Sui Sin Far

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Sui Sin Far
Born Edith Maude Eaton
(1865-03-15)March 15, 1865
Macclesfield, Cheshire, England
Died April 7, 1914(1914-04-07) (aged 49)
Montreal
Occupation journalist
Ethnicity Chinese-British-American
Genres journalism, short stories
Subjects Chinese-American life
Notable work(s) Mrs. Spring Fragrance
"Leaves from the Mental Portfolio of a Eurasian"
Relative(s) Onoto Watanna

Sui Sin Far (Chinese: 水仙花; pinyin: Shuǐ Xiān Huā, born Edith Maude Eaton; 15 March 1865 – 7 April 1914) was an author known for her writing about Chinese people in North America and the Chinese American experience. "Sui Sin Far", her pen name, is the Cantonese name of the narcissus flower, popular amongst Chinese people.

Life account[edit]

Born in Macclesfield, Cheshire, England, Far was the daughter of Englishman Edward Eaton, a merchant who met her Chinese mother while on a business trip to Shanghai, China.[1] Her mother was Grace "Lotus Blossom" Trefusis, the adopted daughter of English missionaries.

Far was the oldest daughter and second child of fourteen children. In the early 1870s, her family left England to live in Hudson, New York, United States, but stayed there only a short time before relocating to Montreal, Quebec, Canada. Her father struggled to make a living and the large family went through difficult times. Because of their poverty, at a young age, Far left school to work in order to help support her family. Nonetheless, the children were educated at home and raised in an intellectually stimulating environment that saw both Far and her younger sister Winnifred Eaton, who wrote under the pen name, Onoto Watanna, become successful writers.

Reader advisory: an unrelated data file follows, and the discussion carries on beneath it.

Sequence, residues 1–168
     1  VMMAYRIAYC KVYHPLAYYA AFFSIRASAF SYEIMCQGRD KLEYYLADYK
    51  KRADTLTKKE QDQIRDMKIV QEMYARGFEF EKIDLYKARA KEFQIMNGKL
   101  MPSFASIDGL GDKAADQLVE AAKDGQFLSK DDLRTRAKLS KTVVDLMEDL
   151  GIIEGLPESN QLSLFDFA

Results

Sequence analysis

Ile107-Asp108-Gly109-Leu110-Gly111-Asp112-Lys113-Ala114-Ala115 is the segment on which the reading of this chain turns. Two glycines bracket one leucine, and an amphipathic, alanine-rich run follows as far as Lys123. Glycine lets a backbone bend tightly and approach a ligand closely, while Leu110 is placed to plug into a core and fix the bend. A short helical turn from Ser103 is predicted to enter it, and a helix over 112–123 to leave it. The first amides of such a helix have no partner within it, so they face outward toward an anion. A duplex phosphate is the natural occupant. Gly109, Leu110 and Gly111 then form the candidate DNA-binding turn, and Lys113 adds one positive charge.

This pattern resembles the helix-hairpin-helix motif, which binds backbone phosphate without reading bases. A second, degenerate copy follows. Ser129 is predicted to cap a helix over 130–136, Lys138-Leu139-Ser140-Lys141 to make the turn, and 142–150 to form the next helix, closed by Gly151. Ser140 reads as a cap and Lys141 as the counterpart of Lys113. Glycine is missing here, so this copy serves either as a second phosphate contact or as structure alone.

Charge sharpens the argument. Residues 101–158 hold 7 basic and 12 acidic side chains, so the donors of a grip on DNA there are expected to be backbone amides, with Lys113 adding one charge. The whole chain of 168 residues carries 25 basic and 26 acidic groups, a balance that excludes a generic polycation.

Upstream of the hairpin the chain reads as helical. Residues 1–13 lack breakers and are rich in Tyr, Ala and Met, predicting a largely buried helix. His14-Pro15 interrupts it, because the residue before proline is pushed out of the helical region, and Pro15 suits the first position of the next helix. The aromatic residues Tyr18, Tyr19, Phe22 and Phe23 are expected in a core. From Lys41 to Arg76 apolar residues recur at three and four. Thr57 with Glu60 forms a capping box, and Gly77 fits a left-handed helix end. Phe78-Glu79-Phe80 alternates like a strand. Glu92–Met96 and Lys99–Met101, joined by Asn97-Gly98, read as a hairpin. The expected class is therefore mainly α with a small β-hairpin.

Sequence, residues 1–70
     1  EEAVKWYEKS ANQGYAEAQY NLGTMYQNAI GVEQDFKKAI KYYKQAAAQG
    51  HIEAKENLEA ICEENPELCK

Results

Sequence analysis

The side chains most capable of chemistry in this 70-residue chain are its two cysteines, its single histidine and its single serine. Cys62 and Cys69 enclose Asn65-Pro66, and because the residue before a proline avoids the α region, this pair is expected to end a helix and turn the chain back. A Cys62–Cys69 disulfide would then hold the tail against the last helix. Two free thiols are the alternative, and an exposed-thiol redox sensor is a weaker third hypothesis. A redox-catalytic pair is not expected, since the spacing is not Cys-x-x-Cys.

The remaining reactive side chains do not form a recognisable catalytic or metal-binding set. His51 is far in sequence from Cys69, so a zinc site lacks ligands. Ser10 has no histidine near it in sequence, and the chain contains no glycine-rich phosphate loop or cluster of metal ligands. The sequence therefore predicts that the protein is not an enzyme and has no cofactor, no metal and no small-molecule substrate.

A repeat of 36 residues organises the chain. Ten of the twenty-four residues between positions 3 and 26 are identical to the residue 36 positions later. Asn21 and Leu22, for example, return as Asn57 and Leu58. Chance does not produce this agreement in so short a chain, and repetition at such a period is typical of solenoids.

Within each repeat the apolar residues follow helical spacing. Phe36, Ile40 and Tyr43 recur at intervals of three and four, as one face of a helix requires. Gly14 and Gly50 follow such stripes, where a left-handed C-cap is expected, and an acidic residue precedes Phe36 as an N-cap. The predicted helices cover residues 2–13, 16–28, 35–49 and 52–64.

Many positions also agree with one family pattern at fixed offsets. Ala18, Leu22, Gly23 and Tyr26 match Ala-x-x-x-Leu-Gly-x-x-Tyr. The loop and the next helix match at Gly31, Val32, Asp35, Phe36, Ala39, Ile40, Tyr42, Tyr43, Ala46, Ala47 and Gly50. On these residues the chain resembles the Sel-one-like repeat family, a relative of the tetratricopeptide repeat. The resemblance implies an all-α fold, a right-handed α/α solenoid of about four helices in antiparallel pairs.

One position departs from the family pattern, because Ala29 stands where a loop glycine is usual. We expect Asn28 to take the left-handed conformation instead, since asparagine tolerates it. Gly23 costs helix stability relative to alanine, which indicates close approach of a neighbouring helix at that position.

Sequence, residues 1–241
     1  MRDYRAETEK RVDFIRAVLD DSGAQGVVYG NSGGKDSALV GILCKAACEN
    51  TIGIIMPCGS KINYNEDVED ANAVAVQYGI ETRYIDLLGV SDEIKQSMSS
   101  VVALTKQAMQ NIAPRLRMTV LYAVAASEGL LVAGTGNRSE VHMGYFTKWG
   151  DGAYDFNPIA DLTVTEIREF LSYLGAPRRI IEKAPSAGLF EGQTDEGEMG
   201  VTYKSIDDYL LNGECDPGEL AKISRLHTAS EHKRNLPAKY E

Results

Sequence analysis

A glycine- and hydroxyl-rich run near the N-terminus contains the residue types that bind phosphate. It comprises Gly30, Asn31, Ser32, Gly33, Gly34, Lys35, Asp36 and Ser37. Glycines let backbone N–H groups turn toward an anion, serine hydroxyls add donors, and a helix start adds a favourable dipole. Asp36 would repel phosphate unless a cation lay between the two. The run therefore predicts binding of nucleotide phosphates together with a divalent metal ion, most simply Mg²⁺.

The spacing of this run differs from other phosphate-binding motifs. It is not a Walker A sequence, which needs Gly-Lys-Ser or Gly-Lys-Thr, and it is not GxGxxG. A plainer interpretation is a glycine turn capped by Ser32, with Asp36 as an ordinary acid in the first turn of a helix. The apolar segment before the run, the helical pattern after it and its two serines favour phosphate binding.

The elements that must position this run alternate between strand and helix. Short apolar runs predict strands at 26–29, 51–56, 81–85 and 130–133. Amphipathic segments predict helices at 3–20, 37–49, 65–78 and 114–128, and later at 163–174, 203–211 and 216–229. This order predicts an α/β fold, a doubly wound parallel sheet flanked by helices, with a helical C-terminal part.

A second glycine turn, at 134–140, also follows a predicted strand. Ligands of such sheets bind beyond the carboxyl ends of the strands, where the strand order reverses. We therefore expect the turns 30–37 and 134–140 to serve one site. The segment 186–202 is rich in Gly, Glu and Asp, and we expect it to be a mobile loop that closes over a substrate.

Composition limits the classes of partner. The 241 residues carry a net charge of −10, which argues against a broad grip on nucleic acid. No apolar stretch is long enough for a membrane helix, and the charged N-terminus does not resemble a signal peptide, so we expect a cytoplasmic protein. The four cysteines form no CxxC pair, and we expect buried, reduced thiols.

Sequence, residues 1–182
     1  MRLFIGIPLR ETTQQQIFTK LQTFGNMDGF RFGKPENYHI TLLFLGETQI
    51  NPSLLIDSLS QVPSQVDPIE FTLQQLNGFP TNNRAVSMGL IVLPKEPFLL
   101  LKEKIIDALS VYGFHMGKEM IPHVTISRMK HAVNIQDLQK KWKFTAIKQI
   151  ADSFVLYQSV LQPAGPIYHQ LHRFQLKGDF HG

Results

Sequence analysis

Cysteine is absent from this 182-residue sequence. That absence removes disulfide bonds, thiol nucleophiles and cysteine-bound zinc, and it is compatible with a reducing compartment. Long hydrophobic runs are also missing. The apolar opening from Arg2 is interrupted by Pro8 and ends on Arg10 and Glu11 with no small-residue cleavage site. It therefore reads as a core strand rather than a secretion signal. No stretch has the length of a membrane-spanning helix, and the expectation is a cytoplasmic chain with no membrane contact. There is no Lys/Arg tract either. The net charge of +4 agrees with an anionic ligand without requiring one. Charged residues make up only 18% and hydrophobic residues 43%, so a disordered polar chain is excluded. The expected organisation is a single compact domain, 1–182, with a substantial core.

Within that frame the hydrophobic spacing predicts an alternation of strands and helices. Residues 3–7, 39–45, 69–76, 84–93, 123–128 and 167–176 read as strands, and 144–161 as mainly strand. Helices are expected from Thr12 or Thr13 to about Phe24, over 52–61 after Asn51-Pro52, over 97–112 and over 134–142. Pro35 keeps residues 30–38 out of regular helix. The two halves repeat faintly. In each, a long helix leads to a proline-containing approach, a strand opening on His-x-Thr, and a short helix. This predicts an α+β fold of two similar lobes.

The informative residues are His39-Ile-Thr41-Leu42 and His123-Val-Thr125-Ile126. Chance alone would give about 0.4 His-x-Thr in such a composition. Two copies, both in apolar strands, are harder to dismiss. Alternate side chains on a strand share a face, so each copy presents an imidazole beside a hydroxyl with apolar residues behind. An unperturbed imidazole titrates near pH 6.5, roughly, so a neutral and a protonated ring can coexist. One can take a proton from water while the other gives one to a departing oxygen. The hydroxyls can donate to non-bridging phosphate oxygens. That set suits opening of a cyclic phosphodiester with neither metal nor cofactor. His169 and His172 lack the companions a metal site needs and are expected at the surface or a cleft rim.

Eaton began writing as a young girl; her articles on the Chinese people were accepted for publication in Montreal's English-language newspapers, the Montreal Star and the Daily Witness. She eventually left Montreal to live in the United States, first in San Francisco, then in Seattle, before going to the east coast to work in Boston. While working as a legal secretary she continued to write and although her appearance and manners would have allowed her to easily pass as an Englishwoman, she asserted her Chinese heritage and wrote articles that told what life was like for a Chinese woman in white America. First published in 1896, her fictional stories about Chinese Americans were a reasoned appeal for her society's acceptance of working-class Chinese at a time when the United States Congress maintained the Chinese Exclusion Act, which banned Chinese immigration to the United States.

Over the ensuing years, Far wrote a number of short stories and newspaper articles while working on her first collection of fiction. Published in June 1912, Mrs. Spring Fragrance, was a collection of linked short stories marketed as a novel.

Far never married and died in Montreal and is interred in Mount Royal Cemetery.

A study of Far and her life, Sui Sin Far/Edith Maude Eaton: A Literary Biography by Annette White-Parks, was published in 1995.

Partial bibliography[edit]

See also[edit]

References[edit]

  1. ^ "EATON, EDITH MAUD". Dictionary of Canadian Biography. Retrieved 2008-07-17. 

External links[edit]